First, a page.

A long time ago when TOI first came out, I remember we would often forego taking assault actions as we believed them to be to complicated and didn't want to go through reading all those pages again. In fact they're actually surprisingly simple, which I will explain a bit further on. First of all, why or rather when would you prefer taking an assault action over a close range move and fire action, after all, in the latter your opponent doesn't get to shoot back, at least not simultaneously. Well, there are two common situations in which an assault should take preference:
  1. When you need to expel your opponent from a hex because it's a(n) (command) objective hex [and you're running out of time/actions]
  2. Not being able to advance into a certain hex, might leave you exposed out in the open.
In addition, there are two more distinct advantages assaults have over close range fire and move attacks:
  1. Up to two- even fatigued- adjacent squads get to assist in the assault ( at half firepower). I.e., those two fatigued units will more often that not already have performed a fire and move action to soften up the target and will now get to throw attack dice AGAIN! That's a major advantage. Secondly,
  2. Unlike in fire and move attacks, in assault attacks the active squad's dice are not halved.
OK, so far so good. But you say, "Hey wait a minute, didn't you mention before that in an assault the opponent gets to fire back simultaneously and in a fire and move attack they don't!? That's certainly a major drawback to assaults, right". Well, yes and no. The assault rules also say that pinned squads only defend at half strength [unless a friendly officer is present in the hex at which time they defend at full firepower], but a DISRUPTED squad, regardless of an officer being present, doesn't get to fire back at all and if such a squad is forced to retreat it is immediately destroyed ( a pinned squad being forced to retreat becomes disrupted). So the trick is: PLAN AND EXECUTE YOUR ASSAULTS CAREFULLY! . I.e. first try to disrupt, or at least pin, defending squads, so the return fire will be a lot less potent. You then get the benefits of not having your attack dice of the active squad halved as well as getting up to two squads-even if they're fatigued- to contribute half firepower. Such firepower is hard to muster in a regular fire and move attack!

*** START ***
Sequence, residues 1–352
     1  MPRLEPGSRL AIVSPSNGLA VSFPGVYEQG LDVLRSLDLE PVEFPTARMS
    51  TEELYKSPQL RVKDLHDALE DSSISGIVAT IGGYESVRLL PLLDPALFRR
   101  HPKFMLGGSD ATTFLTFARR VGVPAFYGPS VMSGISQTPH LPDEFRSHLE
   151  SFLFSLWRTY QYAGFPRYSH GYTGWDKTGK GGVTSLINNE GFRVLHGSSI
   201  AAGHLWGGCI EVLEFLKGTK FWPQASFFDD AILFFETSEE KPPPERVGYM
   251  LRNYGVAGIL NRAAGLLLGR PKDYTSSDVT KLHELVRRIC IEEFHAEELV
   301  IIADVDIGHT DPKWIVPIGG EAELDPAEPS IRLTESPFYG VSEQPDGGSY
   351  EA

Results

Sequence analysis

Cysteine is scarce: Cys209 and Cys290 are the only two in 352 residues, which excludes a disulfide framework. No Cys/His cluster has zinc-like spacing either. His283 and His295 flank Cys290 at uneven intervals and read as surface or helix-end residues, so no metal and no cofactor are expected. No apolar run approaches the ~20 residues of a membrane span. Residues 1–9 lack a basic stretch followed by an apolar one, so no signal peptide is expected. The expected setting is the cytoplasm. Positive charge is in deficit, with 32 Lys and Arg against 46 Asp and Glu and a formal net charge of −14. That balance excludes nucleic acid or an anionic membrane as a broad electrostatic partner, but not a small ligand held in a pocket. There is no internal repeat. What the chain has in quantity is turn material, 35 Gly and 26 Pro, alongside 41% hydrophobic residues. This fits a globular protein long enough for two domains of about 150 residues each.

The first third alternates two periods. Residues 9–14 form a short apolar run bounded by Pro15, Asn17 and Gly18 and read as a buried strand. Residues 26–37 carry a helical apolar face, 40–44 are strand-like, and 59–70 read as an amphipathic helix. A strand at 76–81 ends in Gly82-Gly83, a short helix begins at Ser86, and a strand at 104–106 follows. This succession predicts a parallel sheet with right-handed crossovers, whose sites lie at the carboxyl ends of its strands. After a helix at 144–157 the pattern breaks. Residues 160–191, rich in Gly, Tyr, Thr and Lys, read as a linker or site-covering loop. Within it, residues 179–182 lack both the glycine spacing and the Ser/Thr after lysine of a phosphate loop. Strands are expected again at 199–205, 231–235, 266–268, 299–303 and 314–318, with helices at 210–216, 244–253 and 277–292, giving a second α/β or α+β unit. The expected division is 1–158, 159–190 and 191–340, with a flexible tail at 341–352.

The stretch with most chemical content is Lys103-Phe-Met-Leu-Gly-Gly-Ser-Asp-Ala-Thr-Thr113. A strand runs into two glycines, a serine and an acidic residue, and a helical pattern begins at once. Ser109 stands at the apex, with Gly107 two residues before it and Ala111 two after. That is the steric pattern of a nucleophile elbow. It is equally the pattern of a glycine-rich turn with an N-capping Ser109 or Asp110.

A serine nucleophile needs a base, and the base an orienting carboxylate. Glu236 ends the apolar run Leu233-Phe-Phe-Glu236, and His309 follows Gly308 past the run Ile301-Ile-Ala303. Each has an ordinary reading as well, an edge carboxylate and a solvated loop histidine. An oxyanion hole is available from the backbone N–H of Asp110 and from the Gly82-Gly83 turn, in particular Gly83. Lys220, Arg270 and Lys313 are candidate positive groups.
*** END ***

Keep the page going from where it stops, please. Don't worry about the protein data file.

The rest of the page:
OK, so now that I've hopefully pointed out the sense of taking assault actions, there remains the issue of them being allegedly cumbersome and complicated. I admit, there are some special situations with light vehicles, equipment. flamethrower assaults etc., but the basics are actually surprisingly simple. Once you get those down the above "exceptions" will also dawn on you soon enough! Here's the basic sequence of an assault:

  1. Declare an assault action with one of your squads. It receives one fewer movement point (it does not HAVE to move). Its attack dice are NOT reduced.
  2. If the unit moves towards the hex to be assaulted, it may be stopped by enemy [suppressive] op fire as usual.
  3. If not stopped, and the squad has ended up adjacent to the to be assaulted hex, the active squad now rolls the number of black attack dice it's entitled to along with the halved firepower of up to two adjacent squads which may even be fatigued (but not pinned or disrupted).Simultaneously, also roll the number of red cover dice the defender may get from terrain and/or certain specializations or operation cards.Remember an assault is always considered to be a normal attack at close range!
  4. Take note of the number of hits scored (success dice - successful cover dice), DO NOT YET REMOVE ANY CASUALTIES!
  5. The defender now rolls the number of black dice it is entitled to. Even if the attacker is located in cover providing terrain, he never gets to roll any cover dice in an assault!
  6. Remove both sides' casualties. The attacker must remove figures from the active squad first! (This in fact is the reason why it's better to have a flamethrower squad SUPPORT an assault attack, rather than actually taking an assault action!)
  7. If the attacker scored more hits, they may advance into the assaulted hex and any surviving defending units must retreat to a single legal adjacent hex. If an equal number of hits was scored or the defender scored more hits, they retain control of the hex and the attacker may not advance into it.
There you go, those are the basics of an assault and I hope this article has shown how and when to use them!

Happy gaming!
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